Pliny indicated that some of the people he interviewed had been Christians as many as twenty years previously. Working backward from when he was writing, that would suggest Christians were in Bithynia by 90 CE. Tacitus and Suetonius both wrote of Christians being in Rome during the reign of Nero, which was from 54 to 68 CE, and Suetonius possibly alluded to them being there during the reign of Claudius, from 41 to 54 CE.
The Gospel according to Luke has this:
1 It was in the fifteenth year of the emperor Tiberius’ reign, when Pontius Pilate was governor of Judaea, when Herod was prince in Galilee, his brother Philip in the Ituraean and Trachonitid region, and Lysanias in Abilina.
The fifteenth year of Tiberius Caesar is most likely 28 CE. All four canonical gospels indicate that the Christian movement began after the ministry of John the Baptist (a.s.) had already begun. These sources paint a portrait of a rapidly spreading movement. It, apparently, began in the Roman province of Judaea some time in or after 28 CE. It spread as far as Rome no later than 54 to 68 CE. It is likely it was in Rome quite possibly earlier. And we know it had spread to Bithynia no later than 90 CE. Allowing for other first and second century sources, it is apparent that Christianity was in other places as well, including Syrian Antioch, Ephesus, Corinth, Thessalonica, Philippi, and many other locations in the Near East.
The rapid spread of Christianity is the clearest indication that it was very organised despite being in its infancy. This was particularly the case in the ancient world, where travel was slow, difficult, dangerous, and often expensive. This could only have been the result of a deliberate strategy of evangelisation. This required significant organisation. And organisation means they had leaders.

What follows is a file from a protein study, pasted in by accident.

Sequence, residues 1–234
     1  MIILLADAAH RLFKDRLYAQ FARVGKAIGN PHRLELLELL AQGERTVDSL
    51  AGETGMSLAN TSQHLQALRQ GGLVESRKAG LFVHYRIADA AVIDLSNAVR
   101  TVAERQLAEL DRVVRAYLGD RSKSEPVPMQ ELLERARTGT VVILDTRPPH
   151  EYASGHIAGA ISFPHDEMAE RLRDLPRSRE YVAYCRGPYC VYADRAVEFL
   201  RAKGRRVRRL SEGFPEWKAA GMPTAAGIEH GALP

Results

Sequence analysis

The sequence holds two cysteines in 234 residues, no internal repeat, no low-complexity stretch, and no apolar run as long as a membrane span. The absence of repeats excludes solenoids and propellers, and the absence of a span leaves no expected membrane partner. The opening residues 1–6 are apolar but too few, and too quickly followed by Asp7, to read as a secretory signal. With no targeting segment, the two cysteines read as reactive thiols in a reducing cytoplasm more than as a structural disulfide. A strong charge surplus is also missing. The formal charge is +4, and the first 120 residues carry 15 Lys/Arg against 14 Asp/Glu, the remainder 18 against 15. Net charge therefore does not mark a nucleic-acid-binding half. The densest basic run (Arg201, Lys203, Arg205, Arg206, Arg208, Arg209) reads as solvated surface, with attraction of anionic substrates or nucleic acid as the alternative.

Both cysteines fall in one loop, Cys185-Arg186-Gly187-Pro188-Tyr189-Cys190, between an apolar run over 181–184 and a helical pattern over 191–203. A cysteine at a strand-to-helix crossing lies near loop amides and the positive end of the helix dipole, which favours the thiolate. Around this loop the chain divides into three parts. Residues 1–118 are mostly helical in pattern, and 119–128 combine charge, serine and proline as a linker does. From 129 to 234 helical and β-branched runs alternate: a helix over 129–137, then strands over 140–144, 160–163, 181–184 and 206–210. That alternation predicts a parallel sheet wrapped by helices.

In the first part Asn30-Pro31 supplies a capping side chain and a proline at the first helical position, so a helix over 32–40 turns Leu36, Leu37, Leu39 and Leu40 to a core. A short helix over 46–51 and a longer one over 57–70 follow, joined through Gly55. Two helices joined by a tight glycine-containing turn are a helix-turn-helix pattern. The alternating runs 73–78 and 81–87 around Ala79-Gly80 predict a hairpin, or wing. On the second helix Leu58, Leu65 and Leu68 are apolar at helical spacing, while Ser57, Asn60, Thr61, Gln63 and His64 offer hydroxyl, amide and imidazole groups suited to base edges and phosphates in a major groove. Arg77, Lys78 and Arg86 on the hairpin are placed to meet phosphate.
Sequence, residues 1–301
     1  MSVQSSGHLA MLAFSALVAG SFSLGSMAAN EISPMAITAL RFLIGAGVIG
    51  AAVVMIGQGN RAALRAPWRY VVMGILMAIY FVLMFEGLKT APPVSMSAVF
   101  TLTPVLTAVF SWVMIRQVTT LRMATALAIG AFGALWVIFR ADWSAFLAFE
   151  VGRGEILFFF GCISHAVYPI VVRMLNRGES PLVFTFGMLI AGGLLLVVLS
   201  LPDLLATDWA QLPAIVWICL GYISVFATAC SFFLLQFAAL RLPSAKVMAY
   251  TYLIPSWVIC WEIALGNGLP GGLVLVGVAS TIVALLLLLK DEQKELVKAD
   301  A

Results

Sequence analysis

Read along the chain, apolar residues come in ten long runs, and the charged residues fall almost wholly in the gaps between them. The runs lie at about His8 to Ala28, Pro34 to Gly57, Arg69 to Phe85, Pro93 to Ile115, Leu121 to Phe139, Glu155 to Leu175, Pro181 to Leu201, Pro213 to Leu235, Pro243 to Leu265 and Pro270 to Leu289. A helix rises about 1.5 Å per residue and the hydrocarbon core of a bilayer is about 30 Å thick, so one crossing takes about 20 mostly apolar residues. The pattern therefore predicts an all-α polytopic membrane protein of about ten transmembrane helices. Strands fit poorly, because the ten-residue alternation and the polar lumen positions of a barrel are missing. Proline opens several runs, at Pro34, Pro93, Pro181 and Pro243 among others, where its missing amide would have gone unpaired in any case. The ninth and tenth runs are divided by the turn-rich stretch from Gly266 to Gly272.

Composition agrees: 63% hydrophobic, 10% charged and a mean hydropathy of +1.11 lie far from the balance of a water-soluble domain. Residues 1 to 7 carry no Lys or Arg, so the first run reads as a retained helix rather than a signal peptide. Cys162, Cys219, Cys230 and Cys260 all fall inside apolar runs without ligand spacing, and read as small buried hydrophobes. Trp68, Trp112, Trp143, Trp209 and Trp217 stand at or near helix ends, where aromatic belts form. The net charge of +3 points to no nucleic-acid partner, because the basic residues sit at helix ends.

13 Every one who calls upon the name of the Lord will be Saved. 14 Only, how are they to call upon him until they have learned to believe in Him? And how are they to believe in him, until they listen to him? And how can they listen, without a preacher to listen to? 15 And how can there be preachers, unless preachers are sent on their errand? So we read in scripture, “How welcome is the coming of those who tell of peace, who tell of good news.”
Early Christian writings show the movement was organised and how its organisation developed during the first century of its existence. It was organised into local groups known as churches. These had local officers including bishops, priests, and deacons. The churches themselves tended to be founded in the early days by individual apostles and evangelists. All the sources we have, including the documents of the New Testament, the writings of the early Church Fathers, the Gnostic gospels and related religious writings, indicate that the earliest work was done by “apostles”. This word is derived from the Greek term, “apostolos”, meaning “someone who has been sent”.
Highly organised movements had founders. There is often a single figure at its inception who played a key role setting it up, developing its vision, and appointing leaders who carried it forward. Christianity, as shown above, was from the first century, a geographically diverse organisation that spread rapidly. It had leaders known as apostles founding local congregations. And our logical assumption is that it, too, had a founding leader. Coming full circle then to the writings of the era, that figure was identified as Jesus of Nazareth (a.s.). All the earliest accounts we have agree that Jesus of Nazareth (a.s.) founded the Christian movement. He may not have intended it to develop in that manner doctrinally, but he did play some part in gathering followers, appointing leaders amongst them, trained them, and then sent them out as his apostles. Based on this, we conclude that Jesus of Nazareth (a.s.) existed.